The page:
Despite the looming presence of a “historic” blizzard, about 50 activists joined an anti-TPP protest outside the Sheraton New York Times Square Hotel in New York City on Monday.
This was the latest of the more than 20 times that the U.S. and now 13 other Pacific Rim countries currently negotiating the Trans-Pacific Partnership met, and the first time the gathering was held in New York City.
A massive trade agreement, the Trans-Pacific Partnership would standardize trade regulations in a host of different fields, including medicine, and textiles.
Like any major international trade agreement, it’s negotiated in secret, though WikiLeaks has obtained and published draft versions of its working text. Internet freedom groups are particularly concerned about its intellectual property chapter, which could force member countries with liberal copyright laws to adopt more draconian practices, under threat of lawsuit from corporations who argue their content is infringed.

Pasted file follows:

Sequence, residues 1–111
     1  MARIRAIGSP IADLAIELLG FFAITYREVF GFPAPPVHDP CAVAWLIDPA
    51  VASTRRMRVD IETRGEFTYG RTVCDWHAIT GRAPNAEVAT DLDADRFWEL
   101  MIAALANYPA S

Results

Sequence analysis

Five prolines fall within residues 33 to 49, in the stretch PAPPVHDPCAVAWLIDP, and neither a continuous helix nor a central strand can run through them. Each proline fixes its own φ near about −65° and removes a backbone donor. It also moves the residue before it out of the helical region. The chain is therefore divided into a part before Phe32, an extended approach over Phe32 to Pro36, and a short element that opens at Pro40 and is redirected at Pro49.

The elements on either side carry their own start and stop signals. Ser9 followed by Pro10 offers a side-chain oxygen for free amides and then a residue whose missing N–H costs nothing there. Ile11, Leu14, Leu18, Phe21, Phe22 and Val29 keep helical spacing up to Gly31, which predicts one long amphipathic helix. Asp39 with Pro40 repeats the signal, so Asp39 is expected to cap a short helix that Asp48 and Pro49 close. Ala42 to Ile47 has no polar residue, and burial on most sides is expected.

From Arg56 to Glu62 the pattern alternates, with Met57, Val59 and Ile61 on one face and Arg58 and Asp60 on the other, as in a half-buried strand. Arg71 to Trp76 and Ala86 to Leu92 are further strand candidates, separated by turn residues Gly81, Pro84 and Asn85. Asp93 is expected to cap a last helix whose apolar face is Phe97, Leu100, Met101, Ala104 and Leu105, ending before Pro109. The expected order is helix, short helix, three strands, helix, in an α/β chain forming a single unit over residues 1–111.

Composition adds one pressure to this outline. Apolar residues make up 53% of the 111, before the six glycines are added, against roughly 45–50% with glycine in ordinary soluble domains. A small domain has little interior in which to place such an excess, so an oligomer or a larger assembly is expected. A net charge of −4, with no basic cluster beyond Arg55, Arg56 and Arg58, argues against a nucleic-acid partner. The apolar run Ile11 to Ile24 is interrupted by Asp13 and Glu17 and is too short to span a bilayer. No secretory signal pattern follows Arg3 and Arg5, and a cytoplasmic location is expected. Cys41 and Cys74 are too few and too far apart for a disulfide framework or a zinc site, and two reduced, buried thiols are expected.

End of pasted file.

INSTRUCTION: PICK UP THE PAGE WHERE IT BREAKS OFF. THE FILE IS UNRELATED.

As is common for a TPP protest, adherents came from a number of activist groups, including Access and Doctors Without Borders. “We’re here for social justice,” said an older woman named Martie, a member of the Granny Peace Brigade. “TPP doesn’t offer social justice to anyone. It’s a secret deal that’s going to affect our environment, our drug prices, and jobs.”
The Grannies even sang a song adapted for the occasion.
“This is NAFTA on steroids,” said Bram Loeb of Frack Free Nation. “It will take away our sovereign ability to say no to fracking, no GMOs.”
The protests were initially right out in front of the hotel. But they moved across the 7th Avenue, in accordance with a police request. It wasn’t immediately clear how effective they would be—a nearby police officer who said he’d been inside the hotel told the Daily Dot that there was “no chance” that people inside the building could hear the protesters, despite their use of a megaphone.
In recent years, TPP negotiators have become less and less inclined to interact with the public. Though they initially at least entertained comments from concerned nonprofits, they’ve since barred such groups from attending negotiations. And while the office of the U.S. Trade Representative granted access to the Daily Dot in 2012, this time around, they didn’t even respond to the Daily Dot’s request for comment.
Photo by Kevin Collier/Daily Dot